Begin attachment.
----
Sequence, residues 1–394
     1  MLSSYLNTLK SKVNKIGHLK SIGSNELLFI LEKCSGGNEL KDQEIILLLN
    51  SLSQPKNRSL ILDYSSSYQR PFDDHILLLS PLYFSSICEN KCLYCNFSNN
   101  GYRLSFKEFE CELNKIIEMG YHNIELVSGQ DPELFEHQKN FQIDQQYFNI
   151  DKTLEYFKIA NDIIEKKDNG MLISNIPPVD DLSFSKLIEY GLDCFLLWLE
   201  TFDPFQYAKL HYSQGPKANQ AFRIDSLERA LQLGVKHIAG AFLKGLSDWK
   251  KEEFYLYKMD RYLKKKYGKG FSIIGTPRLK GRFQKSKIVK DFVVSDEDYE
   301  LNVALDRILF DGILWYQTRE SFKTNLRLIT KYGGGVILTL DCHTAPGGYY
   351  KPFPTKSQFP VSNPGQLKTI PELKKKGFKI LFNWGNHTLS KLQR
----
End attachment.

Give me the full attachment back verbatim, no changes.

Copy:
Sequence, residues 1–394
     1  MLSSYLNTLK SKVNKIGHLK SIGSNELLFI LEKCSGGNEL KDQEIILLLN
    51  SLSQPKNRSL ILDYSSSYQR PFDDHILLLS PLYFSSICEN KCLYCNFSNN
   101  GYRLSFKEFE CELNKIIEMG YHNIELVSGQ DPELFEHQKN FQIDQQYFNI
   151  DKTLEYFKIA NDIIEKKDNG MLISNIPPVD DLSFSKLIEY GLDCFLLWLE
   201  TFDPFQYAKL HYSQGPKANQ AFRIDSLERA LQLGVKHIAG AFLKGLSDWK
   251  KEEFYLYKMD RYLKKKYGKG FSIIGTPRLK GRFQKSKIVK DFVVSDEDYE
   301  LNVALDRILF DGILWYQTRE SFKTNLRLIT KYGGGVILTL DCHTAPGGYY
   351  KPFPTKSQFP VSNPGQLKTI PELKKKGFKI LFNWGNHTLS KLQR